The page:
Southwell, Nottinghamshire: Part-time Soldiers
As with many towns and villages; Southwell had its own Company of Territorial or part-time soldiers who were immediately ordered to mobilise on the outbreak of war.
'H' company, which formed part of the 8th Battalion of the Sherwood Foresters, had been away on their annual training camp when news of the outbreak of war came through. Within days they had packed their kit and were marching to the railway station, led by a local solicitor, Major John Becher.
At first they were sent to Newark and charged with guarding the bridge and railway. As territorials; they were under no obligation to fight overseas, but in 1914, like most of the 200,000 reservists around the country, they signed papers agreeing to serve outside Britain. And in the spring of 1915 they were sent to France.
Their ages ranged from 17 to 48 and they had come from a variety of occupations. Among them were farm hands, servants, frame knitters and lace factory workers.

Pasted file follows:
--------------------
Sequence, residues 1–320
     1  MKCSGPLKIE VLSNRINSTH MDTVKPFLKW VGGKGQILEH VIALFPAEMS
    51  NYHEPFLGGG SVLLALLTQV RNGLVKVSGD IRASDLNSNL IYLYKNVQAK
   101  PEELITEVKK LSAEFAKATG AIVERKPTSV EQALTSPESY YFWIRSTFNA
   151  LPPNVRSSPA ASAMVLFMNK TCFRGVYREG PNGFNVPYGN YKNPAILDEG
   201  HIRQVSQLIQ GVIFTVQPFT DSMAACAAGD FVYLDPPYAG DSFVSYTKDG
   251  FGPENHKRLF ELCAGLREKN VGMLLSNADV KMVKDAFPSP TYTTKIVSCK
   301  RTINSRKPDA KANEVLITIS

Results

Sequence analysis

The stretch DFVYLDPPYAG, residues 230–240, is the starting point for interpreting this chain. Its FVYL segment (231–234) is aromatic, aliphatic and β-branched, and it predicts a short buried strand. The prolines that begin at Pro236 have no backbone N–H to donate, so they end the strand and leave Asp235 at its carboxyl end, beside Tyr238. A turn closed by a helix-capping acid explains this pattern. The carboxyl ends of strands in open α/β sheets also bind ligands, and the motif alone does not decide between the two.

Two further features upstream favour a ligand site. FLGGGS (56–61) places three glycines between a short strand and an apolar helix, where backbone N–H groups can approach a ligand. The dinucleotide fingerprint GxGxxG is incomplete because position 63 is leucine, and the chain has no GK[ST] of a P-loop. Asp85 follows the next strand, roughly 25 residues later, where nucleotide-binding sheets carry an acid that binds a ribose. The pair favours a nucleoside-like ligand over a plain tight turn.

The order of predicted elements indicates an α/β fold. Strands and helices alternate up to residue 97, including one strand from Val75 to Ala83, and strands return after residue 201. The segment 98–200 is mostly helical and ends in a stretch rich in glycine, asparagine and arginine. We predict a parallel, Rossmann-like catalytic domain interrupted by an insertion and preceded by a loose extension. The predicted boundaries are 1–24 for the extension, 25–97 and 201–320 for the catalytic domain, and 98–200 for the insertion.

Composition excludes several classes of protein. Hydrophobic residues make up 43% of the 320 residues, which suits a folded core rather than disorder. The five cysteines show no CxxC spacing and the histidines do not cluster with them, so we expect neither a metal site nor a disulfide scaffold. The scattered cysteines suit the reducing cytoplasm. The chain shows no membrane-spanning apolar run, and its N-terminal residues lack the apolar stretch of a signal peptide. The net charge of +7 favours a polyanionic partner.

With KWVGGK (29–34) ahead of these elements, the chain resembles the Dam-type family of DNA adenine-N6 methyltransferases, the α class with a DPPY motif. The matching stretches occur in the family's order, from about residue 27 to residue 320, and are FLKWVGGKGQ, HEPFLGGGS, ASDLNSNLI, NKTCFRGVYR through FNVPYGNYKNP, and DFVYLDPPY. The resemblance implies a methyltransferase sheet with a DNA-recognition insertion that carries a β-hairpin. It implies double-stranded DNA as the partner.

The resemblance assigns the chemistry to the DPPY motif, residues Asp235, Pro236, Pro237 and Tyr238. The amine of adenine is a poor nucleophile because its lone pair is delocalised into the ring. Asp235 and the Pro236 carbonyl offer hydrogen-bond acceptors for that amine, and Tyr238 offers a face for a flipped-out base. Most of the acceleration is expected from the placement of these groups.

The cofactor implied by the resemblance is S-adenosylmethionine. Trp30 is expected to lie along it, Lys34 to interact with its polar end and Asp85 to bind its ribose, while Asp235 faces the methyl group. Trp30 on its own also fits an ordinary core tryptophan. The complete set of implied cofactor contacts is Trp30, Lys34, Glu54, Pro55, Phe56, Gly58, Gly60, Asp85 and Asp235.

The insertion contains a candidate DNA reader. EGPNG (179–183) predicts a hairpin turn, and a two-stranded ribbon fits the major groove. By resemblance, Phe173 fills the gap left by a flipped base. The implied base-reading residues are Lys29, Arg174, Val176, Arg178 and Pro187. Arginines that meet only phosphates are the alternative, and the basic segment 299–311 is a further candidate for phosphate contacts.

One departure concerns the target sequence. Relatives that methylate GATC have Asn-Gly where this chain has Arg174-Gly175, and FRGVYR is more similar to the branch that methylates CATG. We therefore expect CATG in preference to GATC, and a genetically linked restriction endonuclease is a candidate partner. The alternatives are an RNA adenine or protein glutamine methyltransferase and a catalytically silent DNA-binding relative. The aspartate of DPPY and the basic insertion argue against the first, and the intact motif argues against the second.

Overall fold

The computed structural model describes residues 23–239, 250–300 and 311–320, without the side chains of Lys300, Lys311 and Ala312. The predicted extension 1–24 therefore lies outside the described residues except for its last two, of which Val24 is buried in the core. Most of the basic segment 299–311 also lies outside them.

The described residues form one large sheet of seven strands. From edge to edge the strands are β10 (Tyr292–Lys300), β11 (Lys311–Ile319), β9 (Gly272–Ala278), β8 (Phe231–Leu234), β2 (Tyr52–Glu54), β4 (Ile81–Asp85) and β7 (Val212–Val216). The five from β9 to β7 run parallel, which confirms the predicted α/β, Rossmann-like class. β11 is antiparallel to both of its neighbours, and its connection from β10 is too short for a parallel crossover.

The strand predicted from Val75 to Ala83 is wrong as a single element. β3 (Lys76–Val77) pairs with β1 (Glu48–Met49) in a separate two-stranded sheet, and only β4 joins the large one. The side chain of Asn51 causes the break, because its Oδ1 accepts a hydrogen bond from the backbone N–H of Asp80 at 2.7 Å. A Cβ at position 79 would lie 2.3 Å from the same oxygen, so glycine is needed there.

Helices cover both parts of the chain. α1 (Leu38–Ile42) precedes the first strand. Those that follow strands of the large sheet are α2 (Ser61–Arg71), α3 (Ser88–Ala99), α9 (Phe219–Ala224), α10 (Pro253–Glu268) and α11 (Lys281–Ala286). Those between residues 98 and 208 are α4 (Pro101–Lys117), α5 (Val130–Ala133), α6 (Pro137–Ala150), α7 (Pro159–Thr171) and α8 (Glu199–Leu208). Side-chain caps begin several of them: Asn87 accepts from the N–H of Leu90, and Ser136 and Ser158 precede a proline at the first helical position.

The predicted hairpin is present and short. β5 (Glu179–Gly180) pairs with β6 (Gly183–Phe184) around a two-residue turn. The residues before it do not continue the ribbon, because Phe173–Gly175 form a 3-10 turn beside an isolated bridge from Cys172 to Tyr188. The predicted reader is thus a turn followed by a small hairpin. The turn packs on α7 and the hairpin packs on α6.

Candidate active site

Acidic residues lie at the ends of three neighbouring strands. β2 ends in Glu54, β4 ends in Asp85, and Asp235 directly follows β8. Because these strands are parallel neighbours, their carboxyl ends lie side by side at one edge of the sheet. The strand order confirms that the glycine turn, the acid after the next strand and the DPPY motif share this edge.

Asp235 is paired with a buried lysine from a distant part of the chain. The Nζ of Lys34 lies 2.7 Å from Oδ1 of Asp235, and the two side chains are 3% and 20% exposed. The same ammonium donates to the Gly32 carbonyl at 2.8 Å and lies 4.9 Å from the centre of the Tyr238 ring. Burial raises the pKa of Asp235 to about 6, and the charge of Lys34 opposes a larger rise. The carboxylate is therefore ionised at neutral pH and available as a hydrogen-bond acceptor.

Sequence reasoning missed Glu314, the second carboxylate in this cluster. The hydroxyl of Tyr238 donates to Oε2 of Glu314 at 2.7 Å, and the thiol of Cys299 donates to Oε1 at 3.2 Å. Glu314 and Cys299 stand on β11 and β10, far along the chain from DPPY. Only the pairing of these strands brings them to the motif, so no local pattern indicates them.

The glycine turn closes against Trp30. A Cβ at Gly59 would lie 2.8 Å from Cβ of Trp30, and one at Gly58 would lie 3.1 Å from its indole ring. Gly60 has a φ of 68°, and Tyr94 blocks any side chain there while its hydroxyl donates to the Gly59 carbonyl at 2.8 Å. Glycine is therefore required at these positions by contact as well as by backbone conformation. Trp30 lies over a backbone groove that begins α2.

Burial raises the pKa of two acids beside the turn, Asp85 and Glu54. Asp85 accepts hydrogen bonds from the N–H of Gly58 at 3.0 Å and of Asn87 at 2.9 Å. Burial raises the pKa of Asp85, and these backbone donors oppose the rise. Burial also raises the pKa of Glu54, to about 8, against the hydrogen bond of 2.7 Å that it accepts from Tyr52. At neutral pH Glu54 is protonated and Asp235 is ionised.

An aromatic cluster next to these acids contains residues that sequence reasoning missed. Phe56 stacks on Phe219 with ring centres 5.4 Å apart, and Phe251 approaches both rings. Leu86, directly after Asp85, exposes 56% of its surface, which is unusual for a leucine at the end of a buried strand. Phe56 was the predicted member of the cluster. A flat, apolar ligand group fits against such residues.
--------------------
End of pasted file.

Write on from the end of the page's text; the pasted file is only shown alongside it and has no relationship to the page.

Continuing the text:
An attack in the Hohenzollern Redoubt in October 1914 proved to be one of the darkest times for the Southwell men when nine were killed. Of these were two brothers: Captain Henry Handford and 2nd Lieutentant Everard Handford; and Major Becher was injured, subsequently dying from his wounds. All three men have windows in Southwell Minster dedicated in their memory.
There is a stained glass window to the two Handford brothers in the South Quire and a window to John Becher in the Pilgrim's Chapel.
Location: Southwell, Nottinghamshire NG25 0ET
Image: ‘H’ Company marching down Station Road in Southwell, courtesy of Mike Kirkton from Southwell Local History Society. Photograph merged with Station Road as it stands today.
Interviews with local historian, Mike Kirton, and Robin Sharman; relative of John Sharman who died.